Besides echoing the same sentiment with Ilichev, Meng Lei, a teacher with the China University of Geology who celebrated the return of Hong Kong right here two years ago, said at this very moment, he wholeheartedly admired the late Chinese leader Deng Xiaoping.

"Deng's brainchild, the 'one country, two systems' policy, has worked pretty well in the Hong Kong Special Administrative Region, which fills us full of confidence in Macao's future. Now we are waiting for Taiwan to complete China's full reunification, and I hope I will be right here at that moment."

Wrapped in layers of sweaters, Meng and his students snapped pictures of each other in front of the giant countdown clock.

Wen Lipeng is the son of the late writer Wen Yiduo, author of the well-known poem Song of Seven Sons. "The return of Macao is a joyous occasion for both the country and our family. I'm very happy that my father's long-cherished dream has at last come true. I hope my father would realize this and share our happiness in Heaven," said Wen with mixed feelings.

In his poem, Wen Yiduo compared Macao, Hong Kong and five other Chinese cities occupied by Western powers to sons compelled to leave their mother.

As people were reluctantly leaving the square in the small hours, a policeman surnamed Hou had already stood steadfast at the East Tian'anmen Subway Stop for over four hours. At zero hour, when cheers and applause spread to the subway, he consoled himself, "Anyway, I can 'hear' the historic moment." Being a policeman, Hou seldom spent holidays with his family.

"Well, finally, a big family reunion this Spring Festival."

"For you?"

"I refer to Macao." Pleasure was written all over his face.

Happiness Spread Across The Whole Nation

Elsewhere in China, cities and municipalities staged various celebrations. Evening parties and theatrical performances were held at a square by the Bund in Shanghai, along the Haihe River in Tianjin and Jialing River in Chongqing, in Dr. Sun Yat-sen's Memorial Hall Square in Guangzhou and the other cities.

The city of Zhuhai, which borders Macao, hosted a grand performance to honor Macao's return to the embrace of the motherland. The ruins of St. Paul's Cathedral, a landmark of Macao, and the statue of a fishing girl standing by the sea, a symbol of Zhuhai, characterizing the close relationship between the two cities, were projected as a setting at the backdrop of a stage.

Meanwhile, more than 100 overseas Chinese joined residents of Guang'an in southwest China's Sichuan Province to observe Macao's return at the former residence of the late leader Deng Xiaoping.

A Chinese-American surnamed Yuan said, "The formula of 'one country, two systems' set forth by Deng has contributed to world peace and development. I come to Deng's hometown on the day of Macao's return to cherish the memory of this remarkable man."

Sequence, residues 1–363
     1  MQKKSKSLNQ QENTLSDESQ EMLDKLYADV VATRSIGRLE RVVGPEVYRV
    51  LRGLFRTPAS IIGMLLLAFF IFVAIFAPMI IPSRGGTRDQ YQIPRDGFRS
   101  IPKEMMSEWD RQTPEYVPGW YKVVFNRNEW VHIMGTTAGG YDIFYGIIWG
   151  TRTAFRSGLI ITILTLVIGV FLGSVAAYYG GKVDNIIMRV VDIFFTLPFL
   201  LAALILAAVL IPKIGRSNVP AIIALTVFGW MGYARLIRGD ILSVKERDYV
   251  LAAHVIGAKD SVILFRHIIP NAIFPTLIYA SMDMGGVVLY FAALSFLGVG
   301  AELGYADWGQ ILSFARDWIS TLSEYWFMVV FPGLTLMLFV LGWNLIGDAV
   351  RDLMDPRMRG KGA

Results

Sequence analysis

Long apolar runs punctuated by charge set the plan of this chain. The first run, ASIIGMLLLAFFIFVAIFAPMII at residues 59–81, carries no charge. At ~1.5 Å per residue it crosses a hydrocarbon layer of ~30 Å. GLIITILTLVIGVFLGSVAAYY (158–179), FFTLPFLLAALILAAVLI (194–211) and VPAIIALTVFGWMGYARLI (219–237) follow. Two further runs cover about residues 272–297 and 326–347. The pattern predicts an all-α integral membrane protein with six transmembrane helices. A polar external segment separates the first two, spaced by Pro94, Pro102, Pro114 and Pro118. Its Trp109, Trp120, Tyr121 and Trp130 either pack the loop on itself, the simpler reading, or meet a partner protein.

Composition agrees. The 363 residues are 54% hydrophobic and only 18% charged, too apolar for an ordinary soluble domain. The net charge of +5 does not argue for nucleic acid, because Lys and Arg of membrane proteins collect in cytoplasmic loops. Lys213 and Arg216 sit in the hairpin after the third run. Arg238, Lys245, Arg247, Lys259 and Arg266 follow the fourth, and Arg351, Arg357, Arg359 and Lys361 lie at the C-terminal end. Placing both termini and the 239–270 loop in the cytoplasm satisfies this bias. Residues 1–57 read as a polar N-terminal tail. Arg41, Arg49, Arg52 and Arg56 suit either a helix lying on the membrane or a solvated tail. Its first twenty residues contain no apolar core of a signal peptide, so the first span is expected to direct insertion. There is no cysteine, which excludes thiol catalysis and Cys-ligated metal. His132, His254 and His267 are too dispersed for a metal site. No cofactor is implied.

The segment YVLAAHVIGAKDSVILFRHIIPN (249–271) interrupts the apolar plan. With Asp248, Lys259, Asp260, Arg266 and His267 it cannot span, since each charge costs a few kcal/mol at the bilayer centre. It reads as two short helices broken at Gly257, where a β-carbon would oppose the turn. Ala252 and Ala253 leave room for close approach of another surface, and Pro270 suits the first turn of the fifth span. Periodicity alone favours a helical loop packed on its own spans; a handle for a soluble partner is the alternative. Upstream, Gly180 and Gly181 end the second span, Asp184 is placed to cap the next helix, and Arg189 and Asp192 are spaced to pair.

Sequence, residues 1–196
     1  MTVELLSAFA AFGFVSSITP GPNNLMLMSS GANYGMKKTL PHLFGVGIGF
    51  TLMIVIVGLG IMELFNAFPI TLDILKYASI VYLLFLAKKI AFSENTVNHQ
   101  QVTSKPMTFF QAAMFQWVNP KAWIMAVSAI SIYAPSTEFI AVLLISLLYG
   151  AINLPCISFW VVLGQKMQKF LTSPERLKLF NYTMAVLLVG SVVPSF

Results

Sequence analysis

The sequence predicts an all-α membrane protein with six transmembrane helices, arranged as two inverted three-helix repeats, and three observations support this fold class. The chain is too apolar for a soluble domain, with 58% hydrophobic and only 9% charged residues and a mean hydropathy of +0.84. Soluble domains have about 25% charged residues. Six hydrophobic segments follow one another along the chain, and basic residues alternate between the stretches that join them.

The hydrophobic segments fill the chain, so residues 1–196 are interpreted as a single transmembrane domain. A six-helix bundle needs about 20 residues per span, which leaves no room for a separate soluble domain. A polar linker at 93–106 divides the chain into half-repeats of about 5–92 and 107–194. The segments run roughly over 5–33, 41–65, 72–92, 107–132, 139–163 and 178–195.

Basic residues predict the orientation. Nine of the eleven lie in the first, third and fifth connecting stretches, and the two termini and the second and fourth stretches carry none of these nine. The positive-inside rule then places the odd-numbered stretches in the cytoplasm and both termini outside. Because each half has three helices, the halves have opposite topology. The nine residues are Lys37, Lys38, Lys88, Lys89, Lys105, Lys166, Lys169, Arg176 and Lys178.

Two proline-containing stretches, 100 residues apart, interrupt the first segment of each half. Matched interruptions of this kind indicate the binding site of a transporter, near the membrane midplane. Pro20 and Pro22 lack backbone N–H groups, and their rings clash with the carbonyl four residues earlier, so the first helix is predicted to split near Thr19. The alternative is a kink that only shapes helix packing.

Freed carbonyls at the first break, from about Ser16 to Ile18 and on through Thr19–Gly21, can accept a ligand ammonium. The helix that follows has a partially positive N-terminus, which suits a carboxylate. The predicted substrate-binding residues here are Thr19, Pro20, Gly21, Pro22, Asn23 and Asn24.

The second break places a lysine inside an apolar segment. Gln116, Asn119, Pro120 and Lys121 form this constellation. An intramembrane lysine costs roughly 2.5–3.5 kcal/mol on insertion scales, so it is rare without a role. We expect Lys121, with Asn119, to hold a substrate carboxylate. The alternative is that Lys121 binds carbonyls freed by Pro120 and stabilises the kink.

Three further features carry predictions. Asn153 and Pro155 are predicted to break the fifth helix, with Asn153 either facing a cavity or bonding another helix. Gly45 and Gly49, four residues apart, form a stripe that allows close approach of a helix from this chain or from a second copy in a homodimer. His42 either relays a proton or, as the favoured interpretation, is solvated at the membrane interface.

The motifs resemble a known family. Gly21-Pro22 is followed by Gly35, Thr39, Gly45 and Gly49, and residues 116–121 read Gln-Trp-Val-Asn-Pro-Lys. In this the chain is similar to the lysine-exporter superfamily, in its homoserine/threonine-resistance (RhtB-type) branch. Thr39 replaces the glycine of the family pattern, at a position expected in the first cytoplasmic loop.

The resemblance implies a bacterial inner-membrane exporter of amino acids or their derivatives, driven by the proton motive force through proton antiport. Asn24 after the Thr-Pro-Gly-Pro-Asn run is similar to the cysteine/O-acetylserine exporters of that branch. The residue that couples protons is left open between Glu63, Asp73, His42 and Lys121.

East China's Fujian Province, the principal ancestral home of the people in Macao, has seen a flurry of celebration activities in major cities which were bedecked with flowers, national flags and colorful lights.

Liu Zhenze, a man of Taiwan origin, said, "I came to Xiamen with my parents at the age of seven, but I didn't return to Taiwan to meet my loved ones until 1993. Hong Kong and Macao have now returned to the embrace of the motherland. As a senior citizen, I feel all more bitterness for being far away from home, and thirst for the day when the whole of China is reunited."

The first Chief Executive of the Macao Special Administrative Region (SAR), Edmund Ho Hau Wah, said he is confident that Macao will become a place China can be proud of after its return.

Noting that "what Hong Kong has done over the past two and a half years proves that the concept of 'one country, two systems' is correct," Tung Chee Hwa, Chief Executive of the Hong Kong SAR, said that there are reasons to believe that governing Macao by the people of Macao will surely be crowned with a complete success.

Welcome to Macao, PLA Macao Troops

At 11:00 December 20, approximately 150,000 volunteers in Zhuhai, the interior city nearest Macao, joined in a warm sendoff for officers and other ranks of the People's Liberation Army (PLA) to be stationed in Macao.

On the other side of the Gongbei Customs at the same time, more than 30,000 of Macao's 430,000 residents lined the sun-lit 10-km route from Gongbei Customs to the Macao garrison, waving the red five-star national flags of China, the SAR flags, balloons and flowers while chanting, "Welcome".